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EU Government Piracy

Spanish Website Blocking Law Implemented 65

Sir Mal Fet writes "In a very polemic move by the Spanish parliament, the infamous 'Sinde' law, already discussed here, was implemented on December 31st. Albeit modified from their original version, the law will allow the Spanish government to request ISPs to summarily close a website due to copyright infringement (English translation). If the ISP refuses, then it's passed to court where a judge can order the website closed. It seems it's one good, one bad over there. The law is in public consult until March, and No Les Votes, a Spanish organization that opposes the law, has already started a campaign to boycott it (English translation)."
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Spanish Website Blocking Law Implemented

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  • Good luck! (Score:5, Insightful)

    by rev0lt ( 1950662 ) on Tuesday January 03, 2012 @05:01AM (#38570198)
    Anything other than a judge decreting a site to be closed is likely unconstitutional, and the first ISP to drag a case to the court will void the law, because the law itself voids the principle of "innocent until guilty". I'm not spanish (I'm from a neighour country), but it seems if one of these cases reaches an european court it will stand no chance, so this seems to be a "pleaser" law - it's written and whatnot (and given that Spain recently changed powers, it's not difficult to guess why now), but if you try to enforce it on the wong people, a shitstorm will rise. Considering that Spain is one of the countries that signed the Lisbon Treaty (and one of the few countries to referend it), the ones actually approving this law will have no interest whatsoever in enforcing it, specially considering the precarious finance state of the country.
  • Re:Que? (Score:4, Insightful)

    by BlueStrat ( 756137 ) on Tuesday January 03, 2012 @06:40AM (#38570534)

    Implemented two days ago? Public consults until March? Boycott the law?

    Nobody Expects The Spanish InConfusion!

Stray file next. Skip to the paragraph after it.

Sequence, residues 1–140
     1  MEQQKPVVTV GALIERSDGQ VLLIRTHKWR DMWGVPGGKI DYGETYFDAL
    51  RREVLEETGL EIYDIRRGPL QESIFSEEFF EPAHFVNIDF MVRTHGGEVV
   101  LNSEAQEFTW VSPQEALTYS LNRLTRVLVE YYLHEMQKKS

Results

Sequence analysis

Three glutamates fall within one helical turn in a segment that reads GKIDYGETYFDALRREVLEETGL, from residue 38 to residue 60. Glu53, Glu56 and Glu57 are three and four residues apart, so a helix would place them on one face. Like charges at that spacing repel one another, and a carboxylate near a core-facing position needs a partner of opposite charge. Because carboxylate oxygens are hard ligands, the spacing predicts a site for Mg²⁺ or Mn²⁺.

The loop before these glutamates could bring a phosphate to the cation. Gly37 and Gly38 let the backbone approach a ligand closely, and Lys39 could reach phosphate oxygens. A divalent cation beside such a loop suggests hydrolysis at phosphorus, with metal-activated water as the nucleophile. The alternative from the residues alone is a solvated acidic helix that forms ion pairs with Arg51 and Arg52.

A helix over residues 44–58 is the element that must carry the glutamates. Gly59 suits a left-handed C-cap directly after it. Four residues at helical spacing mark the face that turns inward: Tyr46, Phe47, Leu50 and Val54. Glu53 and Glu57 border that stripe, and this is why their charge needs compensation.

I agree, TFS is immensely confusing, at least for non-Spanish citizens, and lacks any contextual clues. It's like a very bad translation of an article meant only for Spanish domestic consumption where many assumptions are made about the target audience's previous knowledge of the subject and the Spanish domestic political/legal landscape and legal/legislative procedures.

    It reads a lot like Japanese instruction manuals from years back that had almost completely indecipherable English translations, many of which were quite humorous, but unfortunately very unhelpful.


  • Re:More slashcrap (Score:5, Insightful)

    by langarto ( 718855 ) on Tuesday January 03, 2012 @07:47AM (#38570856)

    You may be Spanish, but don't seem to know shit about what you are talking about. There is no much fearmongering in the linked articles. The point of the law is precisely to bypass the due process that you claim that exists in Spain.

    Thanks to this law, any copyright holder can ask to have a website closed without having to prove before a judge that there is an actual copyright infringement. There is a judge involved somehow, but he does not get to judge the case before closing the site (as was the case until now). This law opens the gates for American style corporate censorship (like when US Immigration and Customs Enforcement decides that a web site should have its DNS stolen because Warner Bros or Universal say that it hosts "illegal" content).

    And the change in government has very little to do with this law. Both PP and PSOE agree with it. Both voted for it.

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